The fact of the matter is that most, if not all, of the mega-banks are insolvent. The paper they base their balance sheets on is suitible mostly for lining litter boxes and wrapping fish and ultimately, when the write downs come, they’re going to shoulder the brunt of it because now that they own over 50% of all assets there’s simply no place else they can steal from.
Yesterday I mentioned the continuing decline in real estate, more from the Wall Street Journal today-
Home values fell 3% in the first quarter and 1.1% in March, according to Zillow, which says prices have fallen 57 consecutive months. CoreLogic (CLGX) this week reported that home prices have fallen for eight months in a row.
The Realtors’ trade group, which measures resales using median prices where half sell for more and half sell for less, says existing-home prices rose in 34 out of 153 metropolitan statistical areas in the first quarter compared to a year ago. The data also shows four double-digit increases – including Buffalo, N.Y., and Burlington, Vt. – and 118 price declines.
NAR also makes it clear that distressed-home sales, which typically command a discount around 20%, continue weighing on prices. In the first quarter, the median existing home price came in at $158,700 nationwide, down 4.6% from a year earlier. Distressed sales made up 39% of the first-quarter’s sales, up from 36% a year ago.
This has some economists pushing back their estimates of when the battered market will see prices strike the long-awaited bottom and begin recovery.
Stan Humphries, Zillow’s chief economist, now believes prices won’t hit bottom before next year and expects they will fall by another 7% to 9%.
Paul Dales, a senior U.S. economist with Capital Economics, said prices could fall by as much as 10%, down from his previous forecasts of around 5%.
Others are even more pessimistic. “The real-estate market is dead money until at least 2014,” says Michael Pento, a senior economist with Euro Pacific Capital. “There is just too much supply.”
Banks lied about the value of these mortgages in the prospectuses for the securities they re-sold to investors, exposing them to Trillions of Dollars of Civil Liability and Criminal Fraud charges.
Deutsche Bank Accused Of Massive Mortgage Fraud, Sued for $1 Billion By U.S. Government
Shahien Nasiripour, The Huffington Post
05/ 3/11 04:42 PM ET
The Justice Department is seeking damages three times the amount HUD has already shelled out for defaulted mortgages with allegedly fraudulently-obtained government insurance, plus additional penalties for each mortgage that broke federal rules.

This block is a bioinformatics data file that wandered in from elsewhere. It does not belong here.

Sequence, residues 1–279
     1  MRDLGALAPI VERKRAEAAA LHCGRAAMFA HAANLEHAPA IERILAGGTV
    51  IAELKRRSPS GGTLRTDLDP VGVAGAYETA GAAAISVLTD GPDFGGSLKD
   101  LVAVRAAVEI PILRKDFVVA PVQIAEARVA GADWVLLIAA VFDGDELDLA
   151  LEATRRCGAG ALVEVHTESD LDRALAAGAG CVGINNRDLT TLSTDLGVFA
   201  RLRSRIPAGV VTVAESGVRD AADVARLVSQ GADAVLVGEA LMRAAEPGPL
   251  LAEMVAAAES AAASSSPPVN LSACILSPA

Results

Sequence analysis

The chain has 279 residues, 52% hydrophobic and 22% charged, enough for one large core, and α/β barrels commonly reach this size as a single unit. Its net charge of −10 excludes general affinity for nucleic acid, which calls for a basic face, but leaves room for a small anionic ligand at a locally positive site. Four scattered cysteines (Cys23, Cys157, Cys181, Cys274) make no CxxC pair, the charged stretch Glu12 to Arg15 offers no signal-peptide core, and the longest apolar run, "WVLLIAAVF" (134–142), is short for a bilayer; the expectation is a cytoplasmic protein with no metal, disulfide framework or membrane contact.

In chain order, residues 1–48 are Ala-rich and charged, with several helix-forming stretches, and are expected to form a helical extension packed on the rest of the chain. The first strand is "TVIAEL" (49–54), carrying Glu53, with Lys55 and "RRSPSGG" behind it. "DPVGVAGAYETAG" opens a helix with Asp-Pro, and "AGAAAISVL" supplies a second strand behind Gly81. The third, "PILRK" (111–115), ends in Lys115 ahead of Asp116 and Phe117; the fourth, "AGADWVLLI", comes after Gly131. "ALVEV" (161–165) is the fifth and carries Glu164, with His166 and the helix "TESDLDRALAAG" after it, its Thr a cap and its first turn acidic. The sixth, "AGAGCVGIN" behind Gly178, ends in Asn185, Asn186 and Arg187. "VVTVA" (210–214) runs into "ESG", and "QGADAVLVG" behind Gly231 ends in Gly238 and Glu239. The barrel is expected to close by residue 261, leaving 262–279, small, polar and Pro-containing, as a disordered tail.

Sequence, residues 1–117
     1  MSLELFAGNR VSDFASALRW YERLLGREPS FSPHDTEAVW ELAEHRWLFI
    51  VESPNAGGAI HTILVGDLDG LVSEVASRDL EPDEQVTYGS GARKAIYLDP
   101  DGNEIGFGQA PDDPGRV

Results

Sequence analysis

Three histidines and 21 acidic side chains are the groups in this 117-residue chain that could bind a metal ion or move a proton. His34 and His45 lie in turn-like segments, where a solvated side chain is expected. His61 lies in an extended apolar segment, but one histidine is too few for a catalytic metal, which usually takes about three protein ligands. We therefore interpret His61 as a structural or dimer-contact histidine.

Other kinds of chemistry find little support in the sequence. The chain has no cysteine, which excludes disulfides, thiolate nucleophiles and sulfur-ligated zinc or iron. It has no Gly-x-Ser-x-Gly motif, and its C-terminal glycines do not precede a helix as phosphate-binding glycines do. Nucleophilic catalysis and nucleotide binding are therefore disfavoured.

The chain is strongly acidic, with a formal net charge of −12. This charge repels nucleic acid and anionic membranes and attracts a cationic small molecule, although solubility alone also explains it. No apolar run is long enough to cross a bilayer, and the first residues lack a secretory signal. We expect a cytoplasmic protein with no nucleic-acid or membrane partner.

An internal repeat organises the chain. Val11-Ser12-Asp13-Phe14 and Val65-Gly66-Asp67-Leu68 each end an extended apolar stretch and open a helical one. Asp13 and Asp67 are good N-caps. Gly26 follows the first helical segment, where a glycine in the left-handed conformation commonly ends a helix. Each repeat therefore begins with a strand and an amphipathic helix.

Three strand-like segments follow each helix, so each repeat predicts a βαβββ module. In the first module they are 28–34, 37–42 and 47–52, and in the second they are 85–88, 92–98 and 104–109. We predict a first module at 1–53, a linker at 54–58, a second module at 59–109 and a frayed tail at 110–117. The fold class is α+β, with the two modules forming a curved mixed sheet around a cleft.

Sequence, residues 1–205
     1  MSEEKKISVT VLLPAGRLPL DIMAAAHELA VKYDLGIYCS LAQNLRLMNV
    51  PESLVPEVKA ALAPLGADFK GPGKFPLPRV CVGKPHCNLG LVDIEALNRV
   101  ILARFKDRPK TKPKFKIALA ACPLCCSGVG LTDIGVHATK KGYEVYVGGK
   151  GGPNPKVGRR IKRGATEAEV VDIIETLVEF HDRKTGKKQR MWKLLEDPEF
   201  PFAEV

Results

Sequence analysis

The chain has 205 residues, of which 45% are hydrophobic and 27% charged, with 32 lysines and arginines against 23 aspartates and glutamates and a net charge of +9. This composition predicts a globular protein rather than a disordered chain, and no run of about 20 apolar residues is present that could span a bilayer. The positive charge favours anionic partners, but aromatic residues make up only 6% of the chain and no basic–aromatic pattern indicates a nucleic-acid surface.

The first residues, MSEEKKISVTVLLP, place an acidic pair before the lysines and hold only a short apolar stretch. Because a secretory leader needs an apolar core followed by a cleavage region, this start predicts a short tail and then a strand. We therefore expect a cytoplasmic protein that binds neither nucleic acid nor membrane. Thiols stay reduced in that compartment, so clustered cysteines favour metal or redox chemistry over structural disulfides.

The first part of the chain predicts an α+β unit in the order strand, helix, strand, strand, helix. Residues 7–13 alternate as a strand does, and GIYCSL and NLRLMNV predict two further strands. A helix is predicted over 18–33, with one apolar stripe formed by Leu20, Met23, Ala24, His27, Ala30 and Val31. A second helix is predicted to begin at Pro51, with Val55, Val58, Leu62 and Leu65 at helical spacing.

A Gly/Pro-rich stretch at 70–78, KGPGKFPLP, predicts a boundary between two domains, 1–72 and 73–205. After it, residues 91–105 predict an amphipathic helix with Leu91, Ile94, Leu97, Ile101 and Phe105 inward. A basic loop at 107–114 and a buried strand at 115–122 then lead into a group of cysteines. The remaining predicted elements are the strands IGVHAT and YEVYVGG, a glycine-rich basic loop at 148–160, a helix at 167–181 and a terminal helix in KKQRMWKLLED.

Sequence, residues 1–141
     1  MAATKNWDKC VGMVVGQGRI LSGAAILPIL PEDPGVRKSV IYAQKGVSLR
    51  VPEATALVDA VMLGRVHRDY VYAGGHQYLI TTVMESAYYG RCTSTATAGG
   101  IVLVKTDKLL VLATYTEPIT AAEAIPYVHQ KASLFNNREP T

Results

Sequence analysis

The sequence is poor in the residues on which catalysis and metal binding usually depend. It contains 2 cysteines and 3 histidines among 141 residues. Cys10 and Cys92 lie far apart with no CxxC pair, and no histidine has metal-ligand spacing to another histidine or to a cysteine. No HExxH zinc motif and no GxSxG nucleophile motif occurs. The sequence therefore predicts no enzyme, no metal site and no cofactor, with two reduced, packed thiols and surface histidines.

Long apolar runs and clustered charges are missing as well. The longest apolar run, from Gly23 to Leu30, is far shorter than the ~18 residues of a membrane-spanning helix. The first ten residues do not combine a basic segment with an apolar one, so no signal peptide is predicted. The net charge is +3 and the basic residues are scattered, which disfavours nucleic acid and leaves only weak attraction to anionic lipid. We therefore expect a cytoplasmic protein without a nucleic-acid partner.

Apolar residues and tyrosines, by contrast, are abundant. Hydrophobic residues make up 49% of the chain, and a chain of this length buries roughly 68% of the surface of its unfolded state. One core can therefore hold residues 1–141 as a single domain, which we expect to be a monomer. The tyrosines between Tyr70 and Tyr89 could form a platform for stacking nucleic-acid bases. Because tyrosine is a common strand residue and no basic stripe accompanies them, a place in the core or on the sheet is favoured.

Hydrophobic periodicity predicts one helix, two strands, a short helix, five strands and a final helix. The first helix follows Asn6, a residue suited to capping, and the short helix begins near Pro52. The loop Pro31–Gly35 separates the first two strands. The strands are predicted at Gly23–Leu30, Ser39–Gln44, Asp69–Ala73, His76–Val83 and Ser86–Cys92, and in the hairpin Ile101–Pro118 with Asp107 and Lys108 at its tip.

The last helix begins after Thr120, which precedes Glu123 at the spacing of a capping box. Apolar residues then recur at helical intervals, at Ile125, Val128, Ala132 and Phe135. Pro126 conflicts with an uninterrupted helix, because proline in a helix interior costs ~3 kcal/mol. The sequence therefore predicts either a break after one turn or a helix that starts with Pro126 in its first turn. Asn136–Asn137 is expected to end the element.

While private investors have thus far faced a long, slow war battling lenders and connected Wall Street firms to buy back toxic mortgages investors claim were sold to them fraudulently, the government’s suit is fairly straightforward. As part of the FHA program MortgageIT participated in, lenders are required to annually certify that they check basic records like borrowers’ incomes, credit history and employment record. The lenders also are required to review loans that quickly default to guard against sloppy lending practices, and act in the government’s best interests because taxpayers are bearing the risks for potentially poor loans.
“These companies repeatedly and brazenly breached the public trust,” said Preet Bharara, the U.S. Attorney in Manhattan. “This lawsuit sends them — and other lenders — the message that they cannot get away with lies and recklessness. They cannot casually assign the prospect of being caught to the cost of doing business.”
Claiming Fraud in A.I.G. Bailout, Whistle-Blower Lawsuit Names 3 Companies
By MARY WILLIAMS WALSH, The New York Times
Published: May 4, 2011
The lawsuit, filed by a pair of veteran political activists from the La Jolla area of San Diego, asserts that A.I.G. and two large banks engaged in a variety of fraudulent and speculative transactions, running up losses well into the billions of dollars. Then the three institutions persuaded the Federal Reserve Bank of New York to bail them out by giving A.I.G. two rescue loans, which were used to unwind hundreds of failed trades.
“To cover losses of those engaged in fraudulent financial transactions is an authority not yet given to the Fed board,” said the plaintiffs, Derek and Nancy Casady, in their complaint, filed in Federal District Court for the Southern District of California.
The lawsuit names A.I.G., Goldman Sachs and Deutsche Bank as defendants, but not the Fed.
Will "False Claims" Lawsuit Against AIG, Goldman, Deutsche, BofA, SocGen on Fed Funding Lead to New Round of Embarrassing Revelations?